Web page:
Hugin Parameters for Control Point Detectors dialog
This page gives a description of all options. Control point detector parameters site gives an overview about the settings for the different control point detectors and for different use cases.
You should give your parameter-set a meaningful name, because this name is shown in the GUI on the Photos tab.
With this setting all images are transferred at once to the control point detector. This was the default setting of Hugin versions before 2010.2.
This is the same procedure as All images at once with some modifications for using autopano by Alexandre Jenny (only Windows and Linux, there is no MacOS version).
This setting is intended for panoramas with stacks. In the first step it selects the image with the median exposure of every stack. Then it tries to match these median exposed images. After this step all image stacks should be connected.
Then it tries to connect the images of every stack by using the program given under Detector for stacks.
When your panorama does not contain stacks, it's does the same as All images at once.
As the name implies this setting is for multi-row panoramas. But it works also for single row panoramas. It uses a heuristic approach to speed up and optimize the detector step.
The following steps are executed:
1.) Try to connect all consecutive images. The result will be a project with one or more groups of connected images. With luck each of these groups will correspond with a row of the panorama.
2.) Then take the first and last images from each group and match them all together in one go. With luck there will be a single group of connected images in the project.
If you selected Try to connect all overlapping images on the Advanced tab, it tries to connect all overlapping images. This happens only if the steps above were successful. Only then the following steps are executed:
3.) Optimize panorama (it optimizes only yaw and pitch) to get a rough position of all images.
4.) Now try to link all overlapping images which are not yet connected.
This setting combines Panorama with stacks and Multi-row panorama. It works like Panorama with stacks, but for connecting the median exposed images it uses the algorithm described under Multi-row panorama.
This setting works only if the rough positions of the images are defined in the project. It tries to link all overlapping images.
If the advanced option Work only on image pairs without control points is selected (default), it skips all image pairs which are already connected by Control points. Otherwise it creates also control points for already connected images.
On the notebook you can give the paths and parameters for the individual programs.
Here you can give the program name (inclusive path) and the parameters for the control point detector. You can use a one-step setup. In this you invoke the control point detector with a list of image files and it returns a project file with the found control points. If you use cpfind with the --cache parameter you can specify a cleanup argument to delete the generated keypoints file at the end of the detection run.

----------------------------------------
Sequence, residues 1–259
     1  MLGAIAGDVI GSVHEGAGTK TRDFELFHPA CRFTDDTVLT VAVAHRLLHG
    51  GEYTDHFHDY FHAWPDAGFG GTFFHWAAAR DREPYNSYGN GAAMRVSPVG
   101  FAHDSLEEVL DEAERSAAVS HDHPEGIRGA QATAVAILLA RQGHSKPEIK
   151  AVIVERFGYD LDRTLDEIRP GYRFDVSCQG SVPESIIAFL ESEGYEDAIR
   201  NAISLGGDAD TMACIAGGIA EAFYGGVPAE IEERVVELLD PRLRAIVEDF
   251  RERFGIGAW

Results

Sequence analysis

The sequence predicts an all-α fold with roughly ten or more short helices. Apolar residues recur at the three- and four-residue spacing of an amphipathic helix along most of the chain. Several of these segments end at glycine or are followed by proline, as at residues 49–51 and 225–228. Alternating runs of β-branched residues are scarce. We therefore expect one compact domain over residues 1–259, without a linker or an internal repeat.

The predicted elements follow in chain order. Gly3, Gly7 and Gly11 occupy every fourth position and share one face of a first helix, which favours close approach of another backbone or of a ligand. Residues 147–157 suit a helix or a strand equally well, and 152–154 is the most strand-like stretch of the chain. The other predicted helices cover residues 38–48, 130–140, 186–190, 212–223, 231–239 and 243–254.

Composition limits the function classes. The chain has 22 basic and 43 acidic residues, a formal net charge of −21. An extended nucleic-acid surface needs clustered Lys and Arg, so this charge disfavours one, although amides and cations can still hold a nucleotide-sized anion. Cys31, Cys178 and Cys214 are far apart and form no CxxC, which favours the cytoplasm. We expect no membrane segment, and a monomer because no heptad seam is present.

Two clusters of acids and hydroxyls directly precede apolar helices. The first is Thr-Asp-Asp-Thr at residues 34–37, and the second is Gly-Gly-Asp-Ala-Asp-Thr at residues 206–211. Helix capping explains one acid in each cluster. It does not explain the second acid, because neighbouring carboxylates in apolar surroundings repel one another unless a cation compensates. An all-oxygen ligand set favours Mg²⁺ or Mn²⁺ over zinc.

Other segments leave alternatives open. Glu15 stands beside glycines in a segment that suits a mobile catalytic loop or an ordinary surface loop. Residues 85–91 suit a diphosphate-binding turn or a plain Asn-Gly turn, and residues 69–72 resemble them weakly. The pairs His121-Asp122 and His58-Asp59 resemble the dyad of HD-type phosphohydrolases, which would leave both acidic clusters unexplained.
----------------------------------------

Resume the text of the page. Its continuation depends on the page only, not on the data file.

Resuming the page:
A further speed up of the detection phase (especially for the multi-row panorama settings) can be achieved by using the two-step detectors approach. Currently only autopano-sift-C and cpfind support this approach. In this case you have two separate programs: a feature descriptor and a feature matcher. The feature descriptor extracts the features from the images and stores a keyfile in the temp directory. Then the feature matcher reads these keyfiles and tries to match overlapping images. At the end of the detection phase the temporary keyfiles are deleted. You have to give the program name and arguments for both programs. A big speed up can be achieved for the multi-row and prealigned settings.
Here you can define the control points detector which works on stacks (in setting Panorama with stacks and Multi-row panorama with stacks only). You can use e. g. Align image stack for aligning the stack. If you used a tripod, you can leave this field empty. Then the detector does not run on the stacks. In this case you can use linking of the image positions on the Hugin Images tab[*].
Typical tweaks might be to:
- Set --noransac for autopano-sift when using non-rectilinear Projection input images.
- Set --size for autopano-sift which by default downsizes images to 700 pixels before matching.
- Some operating systems have problems supplying more than 120 or so photos at one time to these external tools, with autopano-sift-C 2.5.1 or later you can use these alternative arguments to specify input via a project file: --maxmatches %p %o %s
- MacOS only: If you are using control point detector which are contained in the bundle, give only the program name (without path). Hugin tries to find the program then inside the bundle.